Una ilustraciĆ³n del coronavirus 2019-nCoV.
© Alissa Eckert, MS; Dan Higgins, MAM/CDC / Reuters
The ultrastructural morphology exhibited by coronaviruses, including the novel coronavirus identified as the cause of an outbreak of respiratory illness first detected in Wuhan, China in 2019, 2020.
Similarities, differences between 1918 and 2020 pandemics

In many ways, 2020 is looking like 1918, the year the great influenza pandemic raged. Like then, science is unable to crush an insidious yet avoidable infectious disease before hundreds of thousands die from it.

Researchers at Los Alamos National Laboratory say they have identified 14 new mutations of the novel coronavirus that first originated in Wuhan, China in hopes of creating an early warning system to reveal new strains that may render future vaccines ineffective.

One mutation that is of urgent concern to researchers is called "mutation spike D614G" which scientists say first appeared in February in Europe and became dominant strain across the world by mid-March.

The study notes that by the time the new strain was being tracked by the Global Initiative for Sharing All Influenza Data (GISAID), a German public-private organization aimed at sharing data related to influenza and the coronavirus, it was found in 29 percent of the global samples, but almost exclusively in Europe.

The spike refers to COVID-19's commonly observed exterior spike structure that allows the virus to attach itself to host cells. After analyzing data from over 6,000 novel coronavirus sequences from around the world, researchers believe the virus' spikes have mutated, adding to the efficiency in which the virus spreads.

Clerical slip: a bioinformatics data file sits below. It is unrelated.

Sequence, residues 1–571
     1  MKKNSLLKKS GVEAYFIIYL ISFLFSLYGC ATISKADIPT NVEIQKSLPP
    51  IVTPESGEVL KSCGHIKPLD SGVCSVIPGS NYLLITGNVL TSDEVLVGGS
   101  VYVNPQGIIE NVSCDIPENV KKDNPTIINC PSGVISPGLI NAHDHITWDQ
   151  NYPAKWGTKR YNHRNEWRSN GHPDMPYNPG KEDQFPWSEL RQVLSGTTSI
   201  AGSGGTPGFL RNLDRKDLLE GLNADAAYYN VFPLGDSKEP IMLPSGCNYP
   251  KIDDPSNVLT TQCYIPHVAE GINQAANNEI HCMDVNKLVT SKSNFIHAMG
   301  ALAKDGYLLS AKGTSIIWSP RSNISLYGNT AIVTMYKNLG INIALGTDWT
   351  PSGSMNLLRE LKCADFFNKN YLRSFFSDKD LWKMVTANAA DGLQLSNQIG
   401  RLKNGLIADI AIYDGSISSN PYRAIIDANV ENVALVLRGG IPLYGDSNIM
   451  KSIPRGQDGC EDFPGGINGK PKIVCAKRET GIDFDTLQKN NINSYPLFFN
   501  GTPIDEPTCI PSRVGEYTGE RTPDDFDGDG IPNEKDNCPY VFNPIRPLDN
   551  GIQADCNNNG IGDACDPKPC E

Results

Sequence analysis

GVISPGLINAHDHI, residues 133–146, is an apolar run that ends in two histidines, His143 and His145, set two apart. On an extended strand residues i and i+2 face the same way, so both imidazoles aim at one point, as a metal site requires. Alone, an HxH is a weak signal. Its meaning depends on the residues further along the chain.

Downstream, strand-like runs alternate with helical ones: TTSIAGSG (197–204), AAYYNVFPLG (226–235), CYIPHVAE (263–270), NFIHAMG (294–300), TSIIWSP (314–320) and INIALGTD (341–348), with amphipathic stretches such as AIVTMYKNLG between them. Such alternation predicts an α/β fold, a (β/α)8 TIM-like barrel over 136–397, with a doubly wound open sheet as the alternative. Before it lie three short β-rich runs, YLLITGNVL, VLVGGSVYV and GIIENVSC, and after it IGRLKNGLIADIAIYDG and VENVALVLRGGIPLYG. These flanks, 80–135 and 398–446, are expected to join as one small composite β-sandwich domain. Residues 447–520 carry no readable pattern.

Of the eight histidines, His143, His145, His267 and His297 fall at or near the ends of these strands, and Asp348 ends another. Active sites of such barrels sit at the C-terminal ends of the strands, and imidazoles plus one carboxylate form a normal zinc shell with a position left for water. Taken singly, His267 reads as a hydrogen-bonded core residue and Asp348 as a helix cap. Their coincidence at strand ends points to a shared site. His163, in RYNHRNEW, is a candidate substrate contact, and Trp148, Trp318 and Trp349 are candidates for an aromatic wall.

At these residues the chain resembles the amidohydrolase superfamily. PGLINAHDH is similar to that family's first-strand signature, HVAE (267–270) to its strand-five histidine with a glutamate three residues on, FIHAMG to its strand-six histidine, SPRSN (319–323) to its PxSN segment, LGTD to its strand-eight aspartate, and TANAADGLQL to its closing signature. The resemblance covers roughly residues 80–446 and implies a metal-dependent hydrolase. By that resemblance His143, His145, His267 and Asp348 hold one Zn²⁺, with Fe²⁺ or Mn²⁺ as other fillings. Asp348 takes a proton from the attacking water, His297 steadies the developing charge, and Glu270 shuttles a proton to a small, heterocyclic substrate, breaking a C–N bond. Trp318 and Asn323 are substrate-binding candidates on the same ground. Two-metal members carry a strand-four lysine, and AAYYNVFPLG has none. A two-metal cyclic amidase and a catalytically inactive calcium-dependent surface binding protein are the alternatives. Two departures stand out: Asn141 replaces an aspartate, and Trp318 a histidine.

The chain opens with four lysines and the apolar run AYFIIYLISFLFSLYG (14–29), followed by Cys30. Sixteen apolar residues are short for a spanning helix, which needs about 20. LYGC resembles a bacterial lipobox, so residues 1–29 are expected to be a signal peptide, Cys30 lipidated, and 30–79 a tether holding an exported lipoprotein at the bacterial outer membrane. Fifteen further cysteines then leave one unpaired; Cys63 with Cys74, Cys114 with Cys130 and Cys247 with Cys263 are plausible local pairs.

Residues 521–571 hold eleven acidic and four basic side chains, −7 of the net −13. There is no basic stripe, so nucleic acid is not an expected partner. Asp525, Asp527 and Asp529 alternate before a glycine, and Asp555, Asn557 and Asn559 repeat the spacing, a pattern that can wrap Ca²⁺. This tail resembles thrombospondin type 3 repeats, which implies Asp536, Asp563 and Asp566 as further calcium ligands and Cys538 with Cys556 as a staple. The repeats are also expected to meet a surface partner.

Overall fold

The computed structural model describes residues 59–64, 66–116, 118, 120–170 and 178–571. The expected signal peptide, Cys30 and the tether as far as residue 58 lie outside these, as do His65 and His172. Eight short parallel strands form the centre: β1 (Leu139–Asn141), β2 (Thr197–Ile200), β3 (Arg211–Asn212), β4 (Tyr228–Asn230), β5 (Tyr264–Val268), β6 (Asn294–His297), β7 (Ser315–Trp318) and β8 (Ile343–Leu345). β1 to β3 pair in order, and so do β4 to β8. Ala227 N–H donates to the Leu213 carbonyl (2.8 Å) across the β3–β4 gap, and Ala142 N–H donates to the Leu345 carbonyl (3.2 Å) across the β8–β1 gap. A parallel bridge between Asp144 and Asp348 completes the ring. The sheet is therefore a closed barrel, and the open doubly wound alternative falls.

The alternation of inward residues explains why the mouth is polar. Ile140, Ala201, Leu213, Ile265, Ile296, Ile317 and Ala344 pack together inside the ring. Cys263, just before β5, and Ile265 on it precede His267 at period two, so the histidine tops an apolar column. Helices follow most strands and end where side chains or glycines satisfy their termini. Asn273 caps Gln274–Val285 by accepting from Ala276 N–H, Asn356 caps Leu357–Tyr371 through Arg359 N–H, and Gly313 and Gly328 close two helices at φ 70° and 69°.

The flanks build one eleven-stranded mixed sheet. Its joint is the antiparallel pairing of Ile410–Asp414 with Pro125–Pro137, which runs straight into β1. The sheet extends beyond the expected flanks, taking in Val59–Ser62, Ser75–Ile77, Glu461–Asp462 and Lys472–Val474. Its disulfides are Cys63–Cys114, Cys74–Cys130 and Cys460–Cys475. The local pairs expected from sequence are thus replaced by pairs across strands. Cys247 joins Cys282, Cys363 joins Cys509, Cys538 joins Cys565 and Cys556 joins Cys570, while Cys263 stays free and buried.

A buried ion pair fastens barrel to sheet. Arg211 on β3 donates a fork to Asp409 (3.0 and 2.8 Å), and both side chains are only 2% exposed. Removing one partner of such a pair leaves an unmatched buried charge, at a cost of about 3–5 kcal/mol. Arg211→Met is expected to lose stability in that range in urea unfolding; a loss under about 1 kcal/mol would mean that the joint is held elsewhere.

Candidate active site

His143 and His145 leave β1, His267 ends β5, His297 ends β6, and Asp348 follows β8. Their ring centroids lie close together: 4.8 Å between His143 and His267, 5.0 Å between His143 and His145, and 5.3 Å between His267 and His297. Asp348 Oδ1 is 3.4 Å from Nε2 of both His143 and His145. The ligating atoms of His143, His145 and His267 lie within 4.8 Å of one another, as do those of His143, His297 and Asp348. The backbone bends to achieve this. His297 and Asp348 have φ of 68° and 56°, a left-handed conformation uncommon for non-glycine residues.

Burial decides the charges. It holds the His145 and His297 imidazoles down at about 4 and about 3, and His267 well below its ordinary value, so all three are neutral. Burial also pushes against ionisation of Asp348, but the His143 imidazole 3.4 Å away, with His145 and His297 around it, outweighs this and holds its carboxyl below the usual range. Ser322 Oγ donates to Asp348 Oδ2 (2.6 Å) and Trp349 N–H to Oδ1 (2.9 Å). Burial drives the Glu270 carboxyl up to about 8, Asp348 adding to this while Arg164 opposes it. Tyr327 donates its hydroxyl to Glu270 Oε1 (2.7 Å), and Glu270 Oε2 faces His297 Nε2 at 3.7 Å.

Authors of the study added that the newly mutated spikes make the virus more contagious and researchers are concerned that if the mutation can increase the rate at which the virus spreads, the severity of the disease may increase.

"D614G is increasing in frequency at an alarming rate, indicating a fitness advantage relative to the original Wuhan strain that enables more rapid spread," researchers write.

The adaptation of the virus' spikes presents a challenge for a possible vaccine which may not be effective on these new mutations.

One of the main concerns researchers have is not knowing whether or not COVID-19 cases would decrease seasonally with warmer weather as summer approaches, allowing the virus leeway to continue to develop new strains over time.

According to the Los Angeles Times, one of the study's lead authors, Bette Korber, wrote about the research on her Facebook page, saying, "The story is worrying, as we see a mutated form of the virus very rapidly emerging, and over the month of March becoming the dominant pandemic form."

"When viruses with this mutation enter a population, they rapidly begin to take over the local epidemic, thus they are more transmissible," Korber added.